Haydn’s late 18th century oratorio The Creation is a uniformly uplifting work, but this Melbourne Symphony Orchestra interpretation – their first in six years – rang with such remarkable joy and brightness that audience veterans of The Creation probably smiled with delight. It was a thoroughly welcome dose of beautiful, life-affirming music on a winter’s night, during a period that sometimes seems as dark as when this musical take on the biblical creation made its belated Melbourne debut during World War II.

Sir Andrew Davis © Lucas Dawson
Sir Andrew Davis
© Lucas Dawson

Through the seven days of the world’s divine formation, culminating with Adam and Eve blissing out in Eden before The Fall, a vibrant MSO conjured vivid tonal imagery under the baton of chief conductor Sir Andrew Davis. The massed strings produced a shimmering cloud of sound through which the other instruments were clearly apparent – notably some splendid flute solos and a briefly errant tuba.

Singing Paul McCreesh’s revised translation, which tweaks some of Gottfried van Swieten’s famously idiosyncratic English but retains the period’s poetic grandeur, the MSO Chorus was heavily stacked with female voices (more than two-to-one), which was fundamental to this performance’s light quality – in both senses of the word. Following Davis’ calm lead with exactitude, their emphatic bursts of sound and contrapuntal clarity were wondrous. Among the performance highlights were several monumental choruses, including “Awake the harp” and “The heavens are telling”, which triumphantly concluded days three and four respectively. Guest chorus master Warren Trevelyan-Jones thoroughly deserved his warm reception onto the stage at the concert’s conclusion.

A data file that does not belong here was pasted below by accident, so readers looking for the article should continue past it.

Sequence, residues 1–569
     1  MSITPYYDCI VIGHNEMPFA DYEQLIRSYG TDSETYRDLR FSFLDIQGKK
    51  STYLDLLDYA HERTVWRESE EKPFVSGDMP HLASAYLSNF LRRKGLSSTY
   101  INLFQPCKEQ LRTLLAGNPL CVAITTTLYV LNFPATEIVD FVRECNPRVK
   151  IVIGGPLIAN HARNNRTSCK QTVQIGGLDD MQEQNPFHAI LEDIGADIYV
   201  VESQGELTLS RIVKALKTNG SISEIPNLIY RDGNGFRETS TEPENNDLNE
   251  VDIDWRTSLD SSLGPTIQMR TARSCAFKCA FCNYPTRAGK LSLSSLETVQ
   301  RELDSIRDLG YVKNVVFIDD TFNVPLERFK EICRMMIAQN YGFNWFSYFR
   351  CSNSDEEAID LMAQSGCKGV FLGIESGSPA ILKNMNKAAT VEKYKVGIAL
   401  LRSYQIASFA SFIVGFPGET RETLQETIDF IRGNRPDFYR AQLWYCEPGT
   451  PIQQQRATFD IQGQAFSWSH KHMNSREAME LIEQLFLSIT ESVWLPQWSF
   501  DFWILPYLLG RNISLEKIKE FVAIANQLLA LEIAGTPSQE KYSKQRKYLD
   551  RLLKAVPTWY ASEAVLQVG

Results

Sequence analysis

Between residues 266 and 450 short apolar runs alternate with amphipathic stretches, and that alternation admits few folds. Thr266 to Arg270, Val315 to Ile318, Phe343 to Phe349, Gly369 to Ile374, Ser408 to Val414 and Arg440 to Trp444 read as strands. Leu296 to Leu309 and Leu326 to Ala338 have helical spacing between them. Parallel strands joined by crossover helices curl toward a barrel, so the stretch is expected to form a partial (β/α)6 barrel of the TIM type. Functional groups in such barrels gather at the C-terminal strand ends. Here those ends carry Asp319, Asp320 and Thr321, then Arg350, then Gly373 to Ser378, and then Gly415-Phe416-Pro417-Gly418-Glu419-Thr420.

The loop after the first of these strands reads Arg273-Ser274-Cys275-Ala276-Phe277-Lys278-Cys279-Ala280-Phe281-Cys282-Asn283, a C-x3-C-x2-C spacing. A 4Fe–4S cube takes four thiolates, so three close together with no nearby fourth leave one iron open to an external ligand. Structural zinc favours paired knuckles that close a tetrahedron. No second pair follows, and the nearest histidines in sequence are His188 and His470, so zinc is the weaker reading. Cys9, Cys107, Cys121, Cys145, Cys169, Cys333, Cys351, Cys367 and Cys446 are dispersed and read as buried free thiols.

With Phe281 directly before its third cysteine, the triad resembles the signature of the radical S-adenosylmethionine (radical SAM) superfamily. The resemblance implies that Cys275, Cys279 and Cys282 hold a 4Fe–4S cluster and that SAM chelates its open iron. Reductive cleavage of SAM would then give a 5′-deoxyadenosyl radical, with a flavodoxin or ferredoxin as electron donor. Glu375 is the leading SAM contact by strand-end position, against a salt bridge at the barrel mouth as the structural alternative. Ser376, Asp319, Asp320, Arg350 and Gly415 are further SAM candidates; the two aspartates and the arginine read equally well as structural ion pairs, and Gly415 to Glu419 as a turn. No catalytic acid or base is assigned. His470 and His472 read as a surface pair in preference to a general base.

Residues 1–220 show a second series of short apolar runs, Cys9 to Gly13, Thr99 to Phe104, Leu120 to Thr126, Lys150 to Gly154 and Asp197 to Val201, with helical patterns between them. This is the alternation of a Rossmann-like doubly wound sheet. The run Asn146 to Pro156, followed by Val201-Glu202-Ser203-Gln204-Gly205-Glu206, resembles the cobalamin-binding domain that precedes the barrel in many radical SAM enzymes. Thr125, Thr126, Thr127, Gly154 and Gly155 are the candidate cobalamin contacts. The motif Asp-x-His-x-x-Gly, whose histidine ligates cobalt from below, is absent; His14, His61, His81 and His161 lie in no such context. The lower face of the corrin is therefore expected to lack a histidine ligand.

As a trio of angels, briefly joined at the end by mezzo Shakira Tsindos, the soloists were suitably heavenly of voice. Englishman Andrew Staples interpreted Uriel with a golden, agile tenor sometimes so light it brought a countertenor voice to mind – some lovely Baroque phrasing probably contributed to this impression. Fellow Briton Neal Davies (Raphael, as well as Adam in the final part) was listed in the program as a bass, but was very much in bass-baritone mode here. He revealed remarkable range, especially notable in the upper register, and a warm, clear timbre.

Although Australian Siobhan Stagg (Gabriel, Eve) does not have the gentlemen’s impressive Creation experience, this rising young artist was at ease, and revealed why she is enjoying success in Europe. Her elegant soprano was drowned out by the orchestra a few times, but was otherwise strong and technically sure, including coloratura ornamentation that seemed effortless and an admirable capacity for long phrasing.

Clear and expressive during the recitatives, for which they were accompanied by Anthony Abouhamad on a petite fortepiano, Stagg, Davies and Staples sang their arias with majesty, and were arguably at their best during the sumptuous, cohesive duets and trios.

The ethereal, silvery quality of this Creation revealed the Melbourne Symphony Orchestra and Chorus near their best. In the first of three performances, their harmonious discipline and enjoyment of the music were apparent, and was crowned by the soloists’ sumptuous, sensitive singing. A heartwarming musical experience.